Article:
settle down, let me tell you a story.

the tables are taken, so we sit by the window. the leather chairs are perfect to sink into, and I have a week's worth of worries to unload. our words spill easily and we stop only to sip cooling cups. outside the sky is grey, the world washed of color. but here, it's almost easy to forget that winter has us in its white folds. there are colors not colors and warmth not from the sun.

how is life?

you say.

and I smile.



the bridges

Here's to the bridges. To the ones that towered above our frozen heads, skating the Red River at dusk. To that one we laugh about sometimes, coated in its acrylic profanities. To the ones we burned, crossed, and will cross. 

A late happy new year to you all.


Five Stories from a drawer-ful of dreams

Story One: Grand-canyon stamped paper bag.
She wished that she could lean over the edge, lean until she just tipped off the edge, and flew into the canyon.  The sun was dipping lower, dripping its red glow into the deeps of the canyon.  A girl sat on the edge, making some nervous, as she sat, converse-clad feet brushing little pebbles off the edge.  She scribbled into a well-worn notebook, perhaps stories of her adventures far from home, or heart stories of the one she wished had come with her.  The sun made it’s final goodbye, and she pulled her sweater sleeves over her knuckles, and hopped up as the bus pulled up to the stop.  Tourists waiting at the stop got in, and she glanced once more at the canyon deep, then turned her back. 

Story Two:  Figurines from a tea-can
When they were little, grandma would pull out the little tin full of tea-figurines, the little creatures that came in the tea-tins.  They made a most delicious sound as they stumbled out of the tin.  They would line them up, two by two, telling stories of how they got to the Ark.  The elephant was her favorite, and the monkey, his.  And each time they left, they kept one, tightly clutched in little palms. 

Story Three:  Wrist Band from a late night
“Mini golf first” they shouted as they all hopped out of the various cars and made their way to the entrance.  Each was clad in jeans and sweatshirts, but hair was fancy, and makeup was extra-special.  Stars cluttered the sky, and a night chill made them pull their hoods on and sleeves down their arms.  Each received a wrist-band.  He wrapped hers around her wrist for her, and they hurried off together to get their golf clubs before the others did.  It was a night of dancing on the green, and singing loudly.  They laughed and raced go-carts ‘til the sun came up, and as the sun rose, she tucked the band into her drawer of dreams.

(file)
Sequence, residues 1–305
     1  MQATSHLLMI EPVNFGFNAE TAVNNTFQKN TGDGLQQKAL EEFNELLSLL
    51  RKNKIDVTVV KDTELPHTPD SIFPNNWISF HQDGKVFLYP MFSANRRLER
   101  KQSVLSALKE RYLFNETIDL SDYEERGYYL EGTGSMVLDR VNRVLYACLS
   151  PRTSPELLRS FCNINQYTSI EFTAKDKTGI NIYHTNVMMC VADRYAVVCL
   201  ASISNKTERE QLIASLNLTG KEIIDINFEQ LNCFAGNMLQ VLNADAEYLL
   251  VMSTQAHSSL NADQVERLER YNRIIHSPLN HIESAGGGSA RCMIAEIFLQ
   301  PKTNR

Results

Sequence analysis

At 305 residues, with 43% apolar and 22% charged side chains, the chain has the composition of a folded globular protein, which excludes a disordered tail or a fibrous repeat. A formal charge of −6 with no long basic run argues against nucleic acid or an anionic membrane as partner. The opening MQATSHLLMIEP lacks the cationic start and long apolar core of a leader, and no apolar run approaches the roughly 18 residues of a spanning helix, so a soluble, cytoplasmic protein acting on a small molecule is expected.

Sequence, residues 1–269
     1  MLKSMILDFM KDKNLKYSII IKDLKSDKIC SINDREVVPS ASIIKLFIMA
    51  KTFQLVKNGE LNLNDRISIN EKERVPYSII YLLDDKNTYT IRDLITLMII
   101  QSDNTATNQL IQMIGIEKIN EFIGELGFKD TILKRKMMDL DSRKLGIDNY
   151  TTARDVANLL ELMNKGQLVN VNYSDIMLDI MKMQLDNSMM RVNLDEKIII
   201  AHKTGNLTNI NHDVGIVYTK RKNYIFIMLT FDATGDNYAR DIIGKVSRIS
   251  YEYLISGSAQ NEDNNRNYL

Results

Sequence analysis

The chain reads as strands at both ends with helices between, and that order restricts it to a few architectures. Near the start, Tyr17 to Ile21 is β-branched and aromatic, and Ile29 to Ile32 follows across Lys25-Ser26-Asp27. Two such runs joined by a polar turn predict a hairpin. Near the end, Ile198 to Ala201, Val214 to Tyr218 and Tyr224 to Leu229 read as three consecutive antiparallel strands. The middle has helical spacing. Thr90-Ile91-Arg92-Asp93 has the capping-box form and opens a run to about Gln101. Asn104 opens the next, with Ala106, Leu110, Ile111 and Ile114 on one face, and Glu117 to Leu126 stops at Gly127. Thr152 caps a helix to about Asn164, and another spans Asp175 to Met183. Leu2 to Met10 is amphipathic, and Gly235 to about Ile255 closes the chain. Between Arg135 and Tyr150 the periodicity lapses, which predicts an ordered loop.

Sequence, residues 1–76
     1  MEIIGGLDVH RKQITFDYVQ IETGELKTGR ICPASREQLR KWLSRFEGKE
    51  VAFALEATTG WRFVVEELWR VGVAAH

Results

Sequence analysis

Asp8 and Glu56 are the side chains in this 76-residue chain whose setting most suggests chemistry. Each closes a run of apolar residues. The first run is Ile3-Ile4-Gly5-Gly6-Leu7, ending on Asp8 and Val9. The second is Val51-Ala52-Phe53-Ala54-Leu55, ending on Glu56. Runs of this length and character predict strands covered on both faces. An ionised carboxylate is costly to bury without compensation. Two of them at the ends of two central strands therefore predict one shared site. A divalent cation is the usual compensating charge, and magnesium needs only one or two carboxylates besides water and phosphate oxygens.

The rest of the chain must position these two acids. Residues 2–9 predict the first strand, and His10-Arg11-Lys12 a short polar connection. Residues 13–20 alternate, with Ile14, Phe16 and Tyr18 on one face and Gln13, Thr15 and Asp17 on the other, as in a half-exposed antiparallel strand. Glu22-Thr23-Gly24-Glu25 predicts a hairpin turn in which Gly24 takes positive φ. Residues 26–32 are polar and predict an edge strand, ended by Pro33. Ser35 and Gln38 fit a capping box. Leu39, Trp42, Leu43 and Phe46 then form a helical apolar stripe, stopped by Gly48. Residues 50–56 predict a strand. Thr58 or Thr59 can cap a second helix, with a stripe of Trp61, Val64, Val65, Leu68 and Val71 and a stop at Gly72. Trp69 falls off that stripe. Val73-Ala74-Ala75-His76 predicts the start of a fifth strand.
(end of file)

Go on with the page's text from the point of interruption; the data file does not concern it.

Story Four:  Key Card from a long-lost Adventure
She couldn’t remember why she had slipped the card into her wallet, and it made her sad, to think that something once so dear had been forgotten.  She flipped it over in her palm, and tried to think.  Each key-card she kept seemed to be bittersweet, the distance tearing holes in happy times after they had happened.  It could have been a destination, or a midnight stop for rest, but she couldn’t remember, and she found herself tucking it back into her wallet, knowing that she couldn’t throw it out.

Story Five:  Postcards from a summer cabin
She was a lonely soul, tired out, and wishing for a rest.  The summer came as a relief, then, as the lake became closer.  There were nights of reading in a hammock, campfires on the beach, and tea in a soup bowl.  The creaky old rowboat served as her trusty craft, and she would sit in it, lazily rowing in circles in the center of the little lake.  The fish glittered by, under the surface.  She imagined herself stories for them each, and watched them carefully, leaning over the edge of the boat.  It was a summer of sandy socks, and swimsuits, and drying out on the wooden raft.  On the picnic table sat three postcards, and she tucked them into her book, to remember the summer days.  

Hello, I'm Lillian.  I'm seeking to live fully this life-adventure I have before me.  I love rain, and winds in my face.  I am a child of the oak and maple forests of the east, of rich trees and secret rivers, rushing, cold.  I love writing words: the true and make-believe, I love capturing stories of all kinds.  I love photography, food, and napping on the kitchen floor.